“It definitely puts you in a leadership role, whether you’re prepared for it or not,” Quelland explained. “I’ve had to have a bird’s-eye view of the field. All good catchers need good trust with their pitchers, and trust with players, because you’re having them rely on you and trust in you.”
Quelland matured under the guidance of some talented catchers in the SoHi and Legion Twins programs, namely 2016 graduate Kenny Griffin. Quelland said Griffin became a good friend and a great teammate from which to learn.
“I could look up to him and learn a lot of things from him,” Quelland said. “It’s nice to have something to strive for, and just having that person, that’s the level I needed to get to. It’s nice to becoming a better baseball player.”
The mentorship and friendship worked well for Quelland, who entered the Twins program at a younger age than most at 13. As a ball boy, Quelland arrived on a Twins team fresh off a state Legion championship in 2012, which SoHi catcher Shane Miller was part of.
The 2012 champs featured a slew of talented kids who displayed strong work ethics and leadership qualities, Robb said, a list that included Miller, Hector Rivera, Jake Darrow and Tommy Bowe.
“They were the legends of Legion,” Robb said.
Miller gave way to Griffin, who ultimately gave way to Quelland, who became a four-year varsity player for the Stars high school squad. Quelland took over left field and second base as a freshman, then began taking on more of a catching role his sophomore year before being thrust into the lead role as a junior.
In 2016, the Twins again won the state Legion title, this time with Quelland behind the plate as starting catcher.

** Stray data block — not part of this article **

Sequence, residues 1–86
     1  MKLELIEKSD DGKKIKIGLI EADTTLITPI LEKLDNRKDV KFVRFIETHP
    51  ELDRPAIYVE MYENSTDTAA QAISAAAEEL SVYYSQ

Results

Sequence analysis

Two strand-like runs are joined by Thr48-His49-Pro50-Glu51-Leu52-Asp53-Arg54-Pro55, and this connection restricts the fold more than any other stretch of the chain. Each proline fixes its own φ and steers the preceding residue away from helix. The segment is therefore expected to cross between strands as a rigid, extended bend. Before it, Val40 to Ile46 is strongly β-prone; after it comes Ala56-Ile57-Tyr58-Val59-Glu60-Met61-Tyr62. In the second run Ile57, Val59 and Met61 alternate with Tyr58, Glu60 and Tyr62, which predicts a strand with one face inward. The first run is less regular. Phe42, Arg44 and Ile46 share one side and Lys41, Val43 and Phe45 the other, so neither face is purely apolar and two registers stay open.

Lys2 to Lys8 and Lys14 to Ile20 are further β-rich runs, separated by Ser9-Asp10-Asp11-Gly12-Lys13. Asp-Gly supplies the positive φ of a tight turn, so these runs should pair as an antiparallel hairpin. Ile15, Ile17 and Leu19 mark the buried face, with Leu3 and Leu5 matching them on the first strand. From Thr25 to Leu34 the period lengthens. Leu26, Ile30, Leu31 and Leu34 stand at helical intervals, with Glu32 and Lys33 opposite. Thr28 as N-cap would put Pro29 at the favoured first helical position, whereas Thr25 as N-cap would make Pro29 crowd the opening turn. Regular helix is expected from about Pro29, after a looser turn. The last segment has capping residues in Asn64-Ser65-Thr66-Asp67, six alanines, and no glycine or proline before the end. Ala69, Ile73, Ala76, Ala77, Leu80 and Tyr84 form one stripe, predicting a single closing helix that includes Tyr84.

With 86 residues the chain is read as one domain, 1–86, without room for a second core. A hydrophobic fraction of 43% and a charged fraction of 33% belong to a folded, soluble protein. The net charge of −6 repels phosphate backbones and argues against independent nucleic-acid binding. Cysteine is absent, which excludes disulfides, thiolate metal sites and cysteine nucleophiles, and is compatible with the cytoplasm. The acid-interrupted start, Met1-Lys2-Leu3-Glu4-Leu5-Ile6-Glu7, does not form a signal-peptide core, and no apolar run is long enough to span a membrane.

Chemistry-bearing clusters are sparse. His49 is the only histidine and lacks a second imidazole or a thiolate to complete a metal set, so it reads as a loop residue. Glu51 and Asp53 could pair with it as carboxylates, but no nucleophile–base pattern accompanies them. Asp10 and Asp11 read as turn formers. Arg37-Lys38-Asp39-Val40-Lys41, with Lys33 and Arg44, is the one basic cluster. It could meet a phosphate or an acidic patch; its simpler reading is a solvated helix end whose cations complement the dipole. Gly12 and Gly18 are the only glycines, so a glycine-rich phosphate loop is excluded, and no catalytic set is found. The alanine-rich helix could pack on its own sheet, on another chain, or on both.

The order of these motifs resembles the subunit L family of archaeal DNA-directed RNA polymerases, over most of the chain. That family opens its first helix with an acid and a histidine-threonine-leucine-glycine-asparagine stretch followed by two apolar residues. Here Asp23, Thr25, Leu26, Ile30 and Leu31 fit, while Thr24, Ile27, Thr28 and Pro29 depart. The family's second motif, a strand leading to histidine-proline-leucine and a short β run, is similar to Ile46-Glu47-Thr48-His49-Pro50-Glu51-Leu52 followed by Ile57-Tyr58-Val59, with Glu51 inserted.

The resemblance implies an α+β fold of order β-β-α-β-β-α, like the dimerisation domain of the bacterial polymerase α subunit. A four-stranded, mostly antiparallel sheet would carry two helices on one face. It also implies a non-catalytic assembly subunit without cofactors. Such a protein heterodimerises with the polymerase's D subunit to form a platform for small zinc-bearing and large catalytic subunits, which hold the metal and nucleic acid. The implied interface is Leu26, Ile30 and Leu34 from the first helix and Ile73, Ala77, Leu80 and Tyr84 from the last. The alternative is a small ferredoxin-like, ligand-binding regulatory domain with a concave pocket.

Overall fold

Quelland said while the 2016 state crown was one of the high points of his career in Alaska, a bigger moment came the following spring when he caught a no-hitter from SoHi pitcher Matthew Daugherty.
“That one definitely stands out,” he said.
As a junior who was getting some major playing time as a regular starter, Quelland said his confidence took a major lift that day as he and Daugherty managed to team up on a talented Kenai Central squad.
“We were just talking between innings, and it was the first game I felt like I was getting good at catcher,” he said. “I’d call pitches he was throwing, we were working the curveball and the slider.
“He finally trusted me that game.”
Quelland said when it came time to face one of Kenai’s best hitters Paul Steffensen late in the game with the no-no on the line, the topic of intentionally walking the Kardinal slugger came up, but Quelland and Daugherty decided to throw to him.
Steffensen was playing as reigning MVP of the state Legion tourney from the previous summer — and has since gone on to become one of the hottest hitters in the Arizona Community College Athletic Conference — and with his final at-bat coming in the top of the seventh, Daugherty and Quelland both knew Steffensen would be swinging for the fences.
“I had to convince him to throw at him and get him out,” Quelland said.
The move worked as Steffensen popped out for the second out of the inning, and the Stars walked away with the win and Daugherty’s carefully crafted no-no.
Quelland said he wouldn’t be where he is today if not for competing in multiple sports. As part of the super successful Soldotna football program, Quelland has taken additional leadership qualities under some high-quality coaches.
Head football coach Galen Brantley Jr. and assistants Eric Pomerleau and Phil Leck have been paramount in Quelland’s maturity, leading the way with the “Big team, little me” mantra the team uses. It’s led to an Alaska state record 59-game win streak.
“They’re just a great program, and being able to be on that team, it really brought us all together,” Quelland said. “Especially in the later years, we started to worry about the streak, but the coaches didn’t. They just told us to rely on each other.”
With his time with the Twins program dwindling, Quelland said he hopes to go out on a high note. His father said he already has.
“It just shows his dedication to the program,” Robb said. “Most kids don’t have that responsibility of playing with only have a month left of ‘freedom,’ but he realized how important this is and felt obligated to be here and guide this team for any time available.”